23 Oct 2021

Arbitration Law Update: Hong Kong Court Reaffirmed its Pro-Arbitration Stance


On 26 August 2021, the Hong Kong Court of First Instance ordered a stay of litigation proceedings in favour of arbitration in Kinli Civil Engineering Ltd v Geotech Engineering Ltd [2021] HKCFI 2503 (“Kinli Civil Engineering Ltd”), which serves as a reminder of the Hong Kong Court’s pro-arbitration stance. This article will take a closer look at the judgment of Kinli Civil Engineering Ltd and its future implications.

Factual Background of Kinli Civil Engineering Ltd

The case centres around a dispute in a public housing development project between the plaintiff Kinli Civil Engineering Ltd (“Kinli”) and the defendant Geotech Engineering Limited (“Geotech”). Kinli commenced court proceedings against Geotech to claim for alleged unpaid sums under the subcontract (“Contract”).

The dispute resolution clause of the Contract (“DR Clause”) provides that: -

“If in the course of executing the Contract, any disputes or controversies arise between [Geotech] and [Kinli] on any question and the parties are unable to reach agreement, both parties may in accordance with the relevant arbitration laws of Hong Kong submit the dispute or controversy to the relevant arbitral institution for resolution, and the arbitral award resulting from arbitration in the HKSAR shall be final and binding on both parties, and unless otherwise agreed by both parties, the aforesaid arbitration shall not be conducted before either the completion of the main contract or the determination of the subcontract (emphasis added).

Based on the DR Clause, Geotech applied to stay the litigation proceedings pursuant to section 20(1) of the Arbitration Ordinance. Kinli challenged the stay application.

Issues before the Court

In its opposition, Klini raised three main submissions: -

1. The use of “may” instead of “shall” or “must” in the DR Clause meant that parties merely had the option to elect arbitration, and the arbitration was merely permissive instead of mandatory.

2. The subcontract would be rendered “unworkable” if the DR Clause is interpreted as requiring all the disputes to be arbitrated only upon the completion of the main contract or the determination of the subcontract.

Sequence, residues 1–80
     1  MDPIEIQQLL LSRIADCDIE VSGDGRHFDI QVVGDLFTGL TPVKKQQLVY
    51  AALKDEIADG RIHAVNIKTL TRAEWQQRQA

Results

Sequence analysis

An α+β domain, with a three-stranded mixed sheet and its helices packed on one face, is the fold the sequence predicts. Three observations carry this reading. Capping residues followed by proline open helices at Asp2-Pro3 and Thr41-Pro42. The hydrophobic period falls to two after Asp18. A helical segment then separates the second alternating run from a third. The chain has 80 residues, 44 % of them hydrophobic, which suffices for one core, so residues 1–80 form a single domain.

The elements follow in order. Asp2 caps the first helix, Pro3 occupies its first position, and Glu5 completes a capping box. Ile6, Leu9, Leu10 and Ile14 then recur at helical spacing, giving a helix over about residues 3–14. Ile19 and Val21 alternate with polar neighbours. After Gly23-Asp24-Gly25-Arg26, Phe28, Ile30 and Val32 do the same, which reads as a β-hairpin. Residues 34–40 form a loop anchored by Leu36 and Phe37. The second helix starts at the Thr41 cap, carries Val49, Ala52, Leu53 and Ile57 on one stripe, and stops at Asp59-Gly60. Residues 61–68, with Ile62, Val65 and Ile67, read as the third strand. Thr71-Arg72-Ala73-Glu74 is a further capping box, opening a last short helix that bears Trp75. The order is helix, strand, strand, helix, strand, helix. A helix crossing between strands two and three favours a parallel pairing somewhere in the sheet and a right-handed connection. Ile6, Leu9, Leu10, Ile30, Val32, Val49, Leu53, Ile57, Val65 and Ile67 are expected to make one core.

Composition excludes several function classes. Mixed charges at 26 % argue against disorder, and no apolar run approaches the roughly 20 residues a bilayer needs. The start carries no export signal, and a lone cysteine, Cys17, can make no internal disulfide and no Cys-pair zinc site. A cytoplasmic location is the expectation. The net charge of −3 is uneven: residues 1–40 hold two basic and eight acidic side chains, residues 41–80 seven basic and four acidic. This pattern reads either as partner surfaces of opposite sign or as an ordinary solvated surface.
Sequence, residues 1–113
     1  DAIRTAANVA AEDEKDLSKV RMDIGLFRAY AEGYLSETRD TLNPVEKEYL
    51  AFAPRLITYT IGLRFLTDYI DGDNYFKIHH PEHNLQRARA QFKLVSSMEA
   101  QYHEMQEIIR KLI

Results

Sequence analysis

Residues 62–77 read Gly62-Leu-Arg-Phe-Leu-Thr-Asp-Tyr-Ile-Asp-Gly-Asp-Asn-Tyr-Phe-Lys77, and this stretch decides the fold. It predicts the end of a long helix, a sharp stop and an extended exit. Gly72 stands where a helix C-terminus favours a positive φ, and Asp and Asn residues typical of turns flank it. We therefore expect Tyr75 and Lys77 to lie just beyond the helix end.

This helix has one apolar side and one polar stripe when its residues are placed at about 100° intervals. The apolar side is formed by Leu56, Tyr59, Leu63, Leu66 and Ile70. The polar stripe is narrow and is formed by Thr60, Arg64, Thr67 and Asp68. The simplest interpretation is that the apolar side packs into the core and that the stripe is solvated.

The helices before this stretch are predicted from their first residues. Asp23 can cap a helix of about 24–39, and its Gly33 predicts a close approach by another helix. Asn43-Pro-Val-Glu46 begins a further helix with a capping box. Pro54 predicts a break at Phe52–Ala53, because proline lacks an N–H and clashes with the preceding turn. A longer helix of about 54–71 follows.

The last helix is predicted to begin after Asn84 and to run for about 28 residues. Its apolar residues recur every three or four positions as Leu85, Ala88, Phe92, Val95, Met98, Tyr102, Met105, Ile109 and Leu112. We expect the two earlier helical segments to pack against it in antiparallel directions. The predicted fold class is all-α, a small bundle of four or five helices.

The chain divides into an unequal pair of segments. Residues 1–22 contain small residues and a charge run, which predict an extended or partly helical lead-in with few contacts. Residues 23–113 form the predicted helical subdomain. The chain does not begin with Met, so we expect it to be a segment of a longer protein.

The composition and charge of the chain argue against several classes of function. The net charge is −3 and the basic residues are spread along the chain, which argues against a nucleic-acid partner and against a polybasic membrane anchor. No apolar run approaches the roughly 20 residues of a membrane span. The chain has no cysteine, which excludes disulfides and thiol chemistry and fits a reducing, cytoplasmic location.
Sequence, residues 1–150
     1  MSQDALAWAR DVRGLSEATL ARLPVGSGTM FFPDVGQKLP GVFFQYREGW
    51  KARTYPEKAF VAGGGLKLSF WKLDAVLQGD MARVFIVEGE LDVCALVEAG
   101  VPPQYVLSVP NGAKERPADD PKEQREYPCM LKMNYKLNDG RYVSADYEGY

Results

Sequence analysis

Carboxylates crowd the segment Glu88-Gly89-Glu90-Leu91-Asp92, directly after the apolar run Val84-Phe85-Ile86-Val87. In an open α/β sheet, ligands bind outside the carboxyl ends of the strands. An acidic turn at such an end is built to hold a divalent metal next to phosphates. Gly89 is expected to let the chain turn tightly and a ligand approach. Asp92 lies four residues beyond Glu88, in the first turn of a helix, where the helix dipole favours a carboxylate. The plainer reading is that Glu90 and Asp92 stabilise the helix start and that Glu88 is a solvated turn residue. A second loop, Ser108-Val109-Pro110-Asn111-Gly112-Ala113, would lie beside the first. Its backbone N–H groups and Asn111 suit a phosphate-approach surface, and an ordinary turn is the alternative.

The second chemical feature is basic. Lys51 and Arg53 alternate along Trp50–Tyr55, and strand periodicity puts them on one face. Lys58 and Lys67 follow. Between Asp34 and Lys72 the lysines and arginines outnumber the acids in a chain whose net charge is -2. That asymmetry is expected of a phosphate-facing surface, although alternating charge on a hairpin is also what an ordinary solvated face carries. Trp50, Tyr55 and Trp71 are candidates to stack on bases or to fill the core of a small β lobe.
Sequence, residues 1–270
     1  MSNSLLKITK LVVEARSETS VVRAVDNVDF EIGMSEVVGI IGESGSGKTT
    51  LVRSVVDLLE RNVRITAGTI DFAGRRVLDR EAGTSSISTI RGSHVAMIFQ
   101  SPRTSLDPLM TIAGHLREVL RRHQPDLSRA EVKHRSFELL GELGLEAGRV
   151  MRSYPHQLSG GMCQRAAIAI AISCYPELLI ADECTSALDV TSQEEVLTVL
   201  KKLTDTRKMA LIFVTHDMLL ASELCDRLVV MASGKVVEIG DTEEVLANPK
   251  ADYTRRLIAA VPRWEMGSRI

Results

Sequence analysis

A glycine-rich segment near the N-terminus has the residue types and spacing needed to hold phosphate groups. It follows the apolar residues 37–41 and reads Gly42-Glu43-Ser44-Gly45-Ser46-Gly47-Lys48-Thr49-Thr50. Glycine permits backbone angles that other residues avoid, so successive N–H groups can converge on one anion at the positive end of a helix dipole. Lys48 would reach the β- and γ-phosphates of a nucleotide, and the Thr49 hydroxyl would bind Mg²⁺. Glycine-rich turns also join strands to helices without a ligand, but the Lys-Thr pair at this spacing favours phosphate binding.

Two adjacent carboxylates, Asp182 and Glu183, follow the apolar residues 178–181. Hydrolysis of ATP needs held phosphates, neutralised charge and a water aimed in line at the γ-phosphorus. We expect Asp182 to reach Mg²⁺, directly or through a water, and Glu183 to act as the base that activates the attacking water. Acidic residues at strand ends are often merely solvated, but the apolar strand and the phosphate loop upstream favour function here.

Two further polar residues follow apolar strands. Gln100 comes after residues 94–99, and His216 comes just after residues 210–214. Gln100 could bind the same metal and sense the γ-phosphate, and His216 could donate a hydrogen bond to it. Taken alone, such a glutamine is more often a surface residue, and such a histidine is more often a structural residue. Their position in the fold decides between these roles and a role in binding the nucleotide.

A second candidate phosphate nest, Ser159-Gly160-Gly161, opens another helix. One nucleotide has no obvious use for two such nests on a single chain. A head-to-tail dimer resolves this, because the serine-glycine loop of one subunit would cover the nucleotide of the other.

3. Parties are not precluded from litigating their disputes because arbitration could only be conducted after the completion of the main contract or the determination of the subcontract.


1. In interpreting the use of “may” in the DR Clause, the Court adopted a modern approach and referred to the judgement of Fili Shipping Co Ltd and others v Premium Nafta Products Ltd [2007] BUS LR 1719, confirming that the starting point for the construction of an arbitration agreement is the presumption in favour of arbitrability and the “one-stop” adjudication approach. The Court also considered the UK decision in Hermes One Ltd v Everbread Holdings Ltd [2016] 1 WLR 4098, where the Privy Council held that even in case of a purely permissive arbitration clause, it becomes mandatory for both parties when one party chooses to invoke the arbitration clause. The Court then rejected Kinli’s argument, and held that an arbitration clause will not be construed as giving a choice between arbitration and litigation unless there was very clear language providing for such.

2. As to the second issue, the Court observed that it is common for parties to the construction contracts in Hong Kong to require arbitration to be commenced only after completion of construction works so that the works could be continued despite the parties’ disputes. Therefore, the Court disagreed with Kinli’s argument that the subcontract would be rendered “unworkable”.

3. In response to Kinli’s last submission, the Court noted that it would be unusual for the parties to establish separate and distinct procedures for resolving same disputes. Without any mention of litigation, the Court held that the parties were bound to arbitrate the disputes. In this regard, the Court also reaffirmed its decision in C v D [2021] HKCFI 1471 that it has no role in determining whether any preconditions to arbitration have been met. Such a question relates to admissibility of the claim, and is for the arbitral tribunal to decide.

In light of the above analysis, the Court held that Geotech has discharged the onus to establish a prima facie case of the existence of an arbitration agreement, and granted Geotech’s application to stay the litigation in favour of arbitration.

Observations and Comments

The judgement once again emphasizes the Hong Kong Court’s pro-arbitration stance. It is now clear from the judgment that the use of “may” in an arbitration clause does not by itself indicate that the arbitration agreement is permissive rather than mandatory. In absence of any unequivocal and clear language that the contracting parties have the option to resolve their disputes in court, the Hong Kong Court is more likely to uphold a binding obligation imposed on the contracting parties to arbitrate.

This article is co-authored by our Partner and Head of Litigation and Dispute Resolution Department, Ms. Heidi Chui, Associate, Mr. Calvin Huang, and Trainee Solicitor, Mr. Charles Luk. Please contact Ms. Heidi Chui [heidi.chui@sw-hk.com] for any further enquiries or information.

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